• Facilitate the delivery of humanitarian aid by Sri Lankan and international organizations to displaced populations in need.

Regarding child soldiers, the Sri Lankan government should:
  • Immediately end all cooperation with the Karuna group in the recruitment of children.

  • Fulfill its pledge to investigate the role of the security forces in child recruitment and other abductions by the Karuna group, and hold all those responsible accountable.

Regarding the lack of accountability and the failure of national institutions, the Sri Lankan government should:
  • Respect the independence of the Human Rights Commission.

  • Discipline or prosecute as appropriate members of the security forces implicated in human rights abuses, including as a matter of command responsibility when superiors knew or should have known of ongoing crimes but failed to take action.

Regarding migrant women domestic workers, the Sri Lankan government should:
  • Establish mechanisms for regular and independent monitoring of labor agencies and their subagents. They should require labor agents to register their subagents, and hold agents responsible for their subagents' actions.

  • Ensure any medical testing of prospective migrant women or administration of contraceptive medication is voluntary and performed with informed consent.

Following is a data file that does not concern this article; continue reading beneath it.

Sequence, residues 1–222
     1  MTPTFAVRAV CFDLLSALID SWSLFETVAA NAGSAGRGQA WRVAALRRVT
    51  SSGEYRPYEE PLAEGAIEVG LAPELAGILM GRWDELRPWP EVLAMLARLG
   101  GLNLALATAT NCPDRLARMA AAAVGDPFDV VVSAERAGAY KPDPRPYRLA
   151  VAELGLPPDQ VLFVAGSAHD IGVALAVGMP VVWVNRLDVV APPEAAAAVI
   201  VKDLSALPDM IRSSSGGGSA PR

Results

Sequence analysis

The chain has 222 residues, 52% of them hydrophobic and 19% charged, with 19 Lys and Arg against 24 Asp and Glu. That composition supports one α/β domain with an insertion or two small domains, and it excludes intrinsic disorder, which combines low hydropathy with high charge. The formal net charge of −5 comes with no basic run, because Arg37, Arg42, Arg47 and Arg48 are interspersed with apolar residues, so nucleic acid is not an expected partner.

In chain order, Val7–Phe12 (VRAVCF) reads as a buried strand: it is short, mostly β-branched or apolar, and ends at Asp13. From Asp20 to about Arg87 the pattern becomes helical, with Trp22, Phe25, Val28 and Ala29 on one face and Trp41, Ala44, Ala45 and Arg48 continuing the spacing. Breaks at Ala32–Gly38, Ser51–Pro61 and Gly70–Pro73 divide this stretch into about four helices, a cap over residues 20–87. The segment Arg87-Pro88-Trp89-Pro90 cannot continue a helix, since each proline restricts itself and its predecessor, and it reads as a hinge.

• Improve protections and services at Sri Lankan consular offices for migrant domestic workers who have faced abuse.

Related Material

More on Human Rights Watch' work on Sri Lanka
Country Page

More information on the Human Rights Council
Thematic Page

Complicit in Crime: State Collusion in Abductions and Child Recruitment by the Karuna Group
Report, January 24, 2007

Return to War: Human Rights Under Siege
Report, August 6, 2007

Exported and Exposed: Abuses against Sri Lankan Domestic Workers in Saudi Arabia, Kuwait, Lebanon, and the United Arab Emirates
Report, November 14, 2007

This is not a UNHCR publication. UNHCR is not responsible for, nor does it necessarily endorse, its content. Any views expressed are solely those of the author or publisher and do not necessarily reflect those of UNHCR, the United Nations or its Member States.